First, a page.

Features

Gifts that work

1 Oct 2006 by business traveller

Giving gifts is a way of showing how much you value a relationship, and while a good gift can keep everybody happy, an inappropriate one – too small or inexpensive – could send the wrong message. What corporate gift services offer is the promise that they can help executives find the right present for their colleagues, staff or delegates quickly and with the minimum of hassle, whether it be a gift voucher or one tailored to your request.

If the phrase "corporate gifts" conjures up a box of paperweights covered in company logos, then you are probably working for the wrong company. Caroline Glazebrook, marketing director of giftinspiration.com, says: "I think that a lot of people have the impression that corporate gifts are about having a logo stamped on a golf ball, but we are a more imaginative alternative. Whereas we do offer logos, the service is more personal than that."

With most corporate gift services, ordering is the easy part. Tracy Finn, manager of corporate services at Harrods says: "Our service is commission-free, and corporates often just don't have the time so they come to us." Glazebrook agrees: "We literally take the hassle out of sending a gift."

Many customers order their gifts online using sites such as giftinspiration.com, but the face-to-face approach is also offered by high-end department stores like Fortnum & Mason, Harrods and Harvey Nichols.

In contrast to the paperweight option, you are clearly conveying a strong message when you send colleagues a smartly-wrapped gift from Harrods or a hamper from Fortnum & Mason, and Tracy Finn says having the right brand name on the box does have a certain draw. "It comes down to the name. Receiving a gift, wrapped and delivered to the door, sends an important message. People come here for the name and for the prestige. If you are giving the employee a luxury item, the brand name holds more weight than for other presents."

But it is also the thought that counts, says Victoria Lam, special sales manager for Fortnum & Mason: "It's nice to add that personal touch. We are well-known for hampers in food and drink and it's a nice touch to reward excellence with this, rather than give a cash bonus."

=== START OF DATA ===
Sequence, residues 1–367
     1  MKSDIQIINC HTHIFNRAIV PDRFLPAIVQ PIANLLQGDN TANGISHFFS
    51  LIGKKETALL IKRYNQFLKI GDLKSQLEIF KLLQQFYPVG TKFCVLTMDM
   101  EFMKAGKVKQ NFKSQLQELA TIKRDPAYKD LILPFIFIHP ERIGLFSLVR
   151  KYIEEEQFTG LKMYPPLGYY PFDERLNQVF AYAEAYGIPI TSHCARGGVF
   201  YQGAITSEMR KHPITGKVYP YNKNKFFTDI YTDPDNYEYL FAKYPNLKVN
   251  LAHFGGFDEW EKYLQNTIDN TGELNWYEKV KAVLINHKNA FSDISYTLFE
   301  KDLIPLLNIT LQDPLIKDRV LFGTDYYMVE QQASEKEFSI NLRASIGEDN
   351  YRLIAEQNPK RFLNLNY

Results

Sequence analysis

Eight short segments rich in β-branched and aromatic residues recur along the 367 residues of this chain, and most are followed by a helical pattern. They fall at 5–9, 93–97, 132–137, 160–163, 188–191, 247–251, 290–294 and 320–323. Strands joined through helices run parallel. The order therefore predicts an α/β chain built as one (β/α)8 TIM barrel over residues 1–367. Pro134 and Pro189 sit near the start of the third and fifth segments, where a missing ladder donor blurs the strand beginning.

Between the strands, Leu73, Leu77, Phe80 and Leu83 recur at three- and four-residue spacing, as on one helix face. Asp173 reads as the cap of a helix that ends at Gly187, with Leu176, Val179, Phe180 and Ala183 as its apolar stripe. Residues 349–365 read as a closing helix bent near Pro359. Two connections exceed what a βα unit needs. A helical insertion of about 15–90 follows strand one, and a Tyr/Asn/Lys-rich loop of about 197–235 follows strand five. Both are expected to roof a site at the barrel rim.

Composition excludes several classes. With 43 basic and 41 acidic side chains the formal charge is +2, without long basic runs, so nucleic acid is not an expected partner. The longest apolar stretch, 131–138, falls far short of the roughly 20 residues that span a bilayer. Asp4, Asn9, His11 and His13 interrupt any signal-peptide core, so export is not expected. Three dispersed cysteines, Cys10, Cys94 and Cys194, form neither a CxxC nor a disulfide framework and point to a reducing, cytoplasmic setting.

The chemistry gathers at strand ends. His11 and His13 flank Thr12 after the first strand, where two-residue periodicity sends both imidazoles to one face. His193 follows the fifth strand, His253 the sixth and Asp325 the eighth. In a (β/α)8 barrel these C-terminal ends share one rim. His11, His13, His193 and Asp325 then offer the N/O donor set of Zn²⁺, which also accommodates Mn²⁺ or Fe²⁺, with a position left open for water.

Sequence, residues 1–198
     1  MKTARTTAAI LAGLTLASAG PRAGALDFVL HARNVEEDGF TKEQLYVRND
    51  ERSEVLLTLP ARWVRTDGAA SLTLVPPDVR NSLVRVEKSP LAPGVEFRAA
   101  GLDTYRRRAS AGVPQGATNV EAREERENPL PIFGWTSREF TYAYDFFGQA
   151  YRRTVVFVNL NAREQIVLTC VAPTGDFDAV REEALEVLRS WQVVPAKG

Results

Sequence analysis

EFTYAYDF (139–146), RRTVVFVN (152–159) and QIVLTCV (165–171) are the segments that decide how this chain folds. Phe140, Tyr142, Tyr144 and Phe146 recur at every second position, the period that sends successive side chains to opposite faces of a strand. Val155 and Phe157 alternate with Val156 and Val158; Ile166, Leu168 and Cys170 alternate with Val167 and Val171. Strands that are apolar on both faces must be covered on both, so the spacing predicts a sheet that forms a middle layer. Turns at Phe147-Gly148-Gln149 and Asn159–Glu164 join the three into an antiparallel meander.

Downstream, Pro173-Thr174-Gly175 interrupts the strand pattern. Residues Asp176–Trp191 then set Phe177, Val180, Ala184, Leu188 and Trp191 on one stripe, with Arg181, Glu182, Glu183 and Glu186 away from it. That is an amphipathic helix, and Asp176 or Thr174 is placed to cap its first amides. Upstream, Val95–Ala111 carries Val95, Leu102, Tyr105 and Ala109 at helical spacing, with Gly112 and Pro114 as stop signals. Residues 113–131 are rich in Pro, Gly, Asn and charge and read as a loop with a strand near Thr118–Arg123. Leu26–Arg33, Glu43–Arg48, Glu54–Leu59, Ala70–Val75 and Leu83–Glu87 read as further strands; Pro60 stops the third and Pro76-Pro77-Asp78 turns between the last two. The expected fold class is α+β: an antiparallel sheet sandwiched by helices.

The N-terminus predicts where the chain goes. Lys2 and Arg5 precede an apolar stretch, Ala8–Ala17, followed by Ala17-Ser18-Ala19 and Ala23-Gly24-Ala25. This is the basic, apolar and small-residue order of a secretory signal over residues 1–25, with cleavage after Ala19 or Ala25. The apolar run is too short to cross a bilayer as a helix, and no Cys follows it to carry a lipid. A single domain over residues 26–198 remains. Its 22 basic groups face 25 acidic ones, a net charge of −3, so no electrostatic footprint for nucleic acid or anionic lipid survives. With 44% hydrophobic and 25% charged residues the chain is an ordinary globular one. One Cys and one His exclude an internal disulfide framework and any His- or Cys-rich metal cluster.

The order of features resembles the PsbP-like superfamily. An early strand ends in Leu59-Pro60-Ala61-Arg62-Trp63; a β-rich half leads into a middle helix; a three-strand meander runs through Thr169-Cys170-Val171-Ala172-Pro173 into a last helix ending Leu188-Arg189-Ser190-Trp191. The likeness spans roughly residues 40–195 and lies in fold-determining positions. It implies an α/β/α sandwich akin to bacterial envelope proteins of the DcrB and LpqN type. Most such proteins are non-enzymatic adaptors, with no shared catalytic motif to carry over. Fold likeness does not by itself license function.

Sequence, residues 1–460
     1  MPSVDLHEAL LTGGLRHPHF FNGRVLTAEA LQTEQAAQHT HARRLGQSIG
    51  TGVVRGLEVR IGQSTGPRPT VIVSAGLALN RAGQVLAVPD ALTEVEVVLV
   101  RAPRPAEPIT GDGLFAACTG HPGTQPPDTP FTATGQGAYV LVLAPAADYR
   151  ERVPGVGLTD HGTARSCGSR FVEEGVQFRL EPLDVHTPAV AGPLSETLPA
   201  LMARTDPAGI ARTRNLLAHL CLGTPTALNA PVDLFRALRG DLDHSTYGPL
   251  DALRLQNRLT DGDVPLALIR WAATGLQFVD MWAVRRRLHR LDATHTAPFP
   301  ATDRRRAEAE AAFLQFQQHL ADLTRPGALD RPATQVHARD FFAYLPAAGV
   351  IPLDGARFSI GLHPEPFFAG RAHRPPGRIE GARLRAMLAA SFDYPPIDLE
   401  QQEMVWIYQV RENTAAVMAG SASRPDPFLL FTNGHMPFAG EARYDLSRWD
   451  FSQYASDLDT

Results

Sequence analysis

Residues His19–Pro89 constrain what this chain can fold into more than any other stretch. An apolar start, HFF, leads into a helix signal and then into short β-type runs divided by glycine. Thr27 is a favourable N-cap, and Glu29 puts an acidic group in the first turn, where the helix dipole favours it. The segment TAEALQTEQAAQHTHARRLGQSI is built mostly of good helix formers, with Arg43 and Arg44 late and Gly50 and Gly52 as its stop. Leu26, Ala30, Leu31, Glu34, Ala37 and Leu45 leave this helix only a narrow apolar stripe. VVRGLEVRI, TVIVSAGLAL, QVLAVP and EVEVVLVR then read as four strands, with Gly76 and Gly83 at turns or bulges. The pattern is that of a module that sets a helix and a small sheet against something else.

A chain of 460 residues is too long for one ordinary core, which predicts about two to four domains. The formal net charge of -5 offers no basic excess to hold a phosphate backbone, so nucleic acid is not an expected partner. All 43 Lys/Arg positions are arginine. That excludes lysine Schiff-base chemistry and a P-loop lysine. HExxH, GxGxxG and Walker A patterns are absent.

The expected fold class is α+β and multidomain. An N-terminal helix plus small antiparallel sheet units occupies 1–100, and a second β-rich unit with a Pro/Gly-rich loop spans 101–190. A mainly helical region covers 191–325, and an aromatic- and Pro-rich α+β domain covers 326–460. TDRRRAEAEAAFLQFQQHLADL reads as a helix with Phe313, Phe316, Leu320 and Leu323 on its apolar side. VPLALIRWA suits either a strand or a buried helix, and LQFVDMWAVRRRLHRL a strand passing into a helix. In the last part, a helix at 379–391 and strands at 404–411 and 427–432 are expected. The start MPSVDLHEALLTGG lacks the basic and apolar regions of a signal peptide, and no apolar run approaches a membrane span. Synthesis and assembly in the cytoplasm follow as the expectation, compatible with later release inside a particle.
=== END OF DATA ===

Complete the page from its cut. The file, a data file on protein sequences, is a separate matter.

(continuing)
Finn adds: "It's about companies thanking staff or thanking their clients, and there is always going to be a market for that, whether it's just a gift card or something more specific."

With Christmas zooming into focus, and the present-finding panic piling up, time is of the essence. Glazebrook of giftinspiration.com explains that whatever is on the website is in stock so the turnaround is very quick: "If you want to order corporate gifts in November or December you can. Our lead times are tiny – you can choose something and have it delivered the next day."

For the Christmas season, hampers are huge sellers and they're more than just a box with a jar of jam inside. Fortnum & Mason specialises in hampers, with the ground floor dedicated to specialist foods and wines. Hampers range from £25 up to £5,000 and, as with all the corporate gift services, can be custom-made. Lam says: "We have a client who orders three or four hampers a week and they have it made up to their requirements." Harvey Nichols also has a range of hampers. Mary Richards, senior marketing officer of hospitality and food markets, says: "The hamper is the biggest corporate gift [around Christmas]."

Gift cards are the biggest seller for Harrods, and with over 330 departments and a range of cards worth up to £10,000, there is a wide choice. But gift vouchers are not for everyone. Glazebrook says: "If a company chooses to send a voucher they [the recipient] can see how much has been spent. She adds: "With a gift it looks like more thought has gone into it and when the employee receives it, they are impressed."

For those who do want to peruse the shop floor, Finn gives the Harrods Christmas top 10 as: Harrods Christmas hampers, the gift card, Philip Stein Teslar and Baume & Mercier watches, Valextra leather goods, Harrods champagne, Charbonnel and Walker chocolates, Roja Dove personalised perfume, Jo Malone beauty boxes, gadgets such as the Lamborghini VX1 notebook, and men's tailoring in the "British Tailoring Room".

An increasingly popular corporate gift is the experience. Tracy Finn emphasises the popularity of The Harrods Sex & the City spa package at Harrods' Urban Retreat spa, which costs £500 per person and involves a day of pampering and personal shopping in the store. Finn says: "I think corporate gifts are an incentive for staff. It's not about just having something in their hands – it's the experiences too."

Harvey Nichols also offers experiences. Mary Richards says: "I think it is about getting the personalities of the companies across and people use it for bonding too. We have a cocktail master class available all year round as well as wine tasting run by Nicholas Keukenmeester, the Knightsbridge wine shop manager."

Richards adds: "I think the experience side of the corporate market is definitely going to grow."

For delivery charges and more information see: fortnumandmason.com, +44 (0)20 7734 8040; giftinspiration.com, +44 (0)1747 820 800; harrodscorporateservice.com, +44 (0)207 225 5994; harveynichols.com, +44 (0)208 957 5030).

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